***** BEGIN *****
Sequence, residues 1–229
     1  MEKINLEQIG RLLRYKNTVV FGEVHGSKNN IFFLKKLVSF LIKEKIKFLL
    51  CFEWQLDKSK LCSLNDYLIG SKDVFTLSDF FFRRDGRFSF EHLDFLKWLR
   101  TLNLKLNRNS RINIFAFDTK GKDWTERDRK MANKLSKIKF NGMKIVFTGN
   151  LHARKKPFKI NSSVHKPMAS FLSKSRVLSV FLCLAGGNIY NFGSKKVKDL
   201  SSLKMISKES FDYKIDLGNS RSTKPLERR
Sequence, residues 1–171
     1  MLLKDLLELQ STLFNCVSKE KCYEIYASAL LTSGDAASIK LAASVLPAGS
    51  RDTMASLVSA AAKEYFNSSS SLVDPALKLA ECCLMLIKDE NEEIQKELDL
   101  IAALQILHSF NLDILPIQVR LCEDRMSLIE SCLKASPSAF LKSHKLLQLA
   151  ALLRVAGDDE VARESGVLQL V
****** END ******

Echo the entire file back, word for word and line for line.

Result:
Sequence, residues 1–229
     1  MEKINLEQIG RLLRYKNTVV FGEVHGSKNN IFFLKKLVSF LIKEKIKFLL
    51  CFEWQLDKSK LCSLNDYLIG SKDVFTLSDF FFRRDGRFSF EHLDFLKWLR
   101  TLNLKLNRNS RINIFAFDTK GKDWTERDRK MANKLSKIKF NGMKIVFTGN
   151  LHARKKPFKI NSSVHKPMAS FLSKSRVLSV FLCLAGGNIY NFGSKKVKDL
   201  SSLKMISKES FDYKIDLGNS RSTKPLERR
Sequence, residues 1–171
     1  MLLKDLLELQ STLFNCVSKE KCYEIYASAL LTSGDAASIK LAASVLPAGS
    51  RDTMASLVSA AAKEYFNSSS SLVDPALKLA ECCLMLIKDE NEEIQKELDL
   101  IAALQILHSF NLDILPIQVR LCEDRMSLIE SCLKASPSAF LKSHKLLQLA
   151  ALLRVAGDDE VARESGVLQL V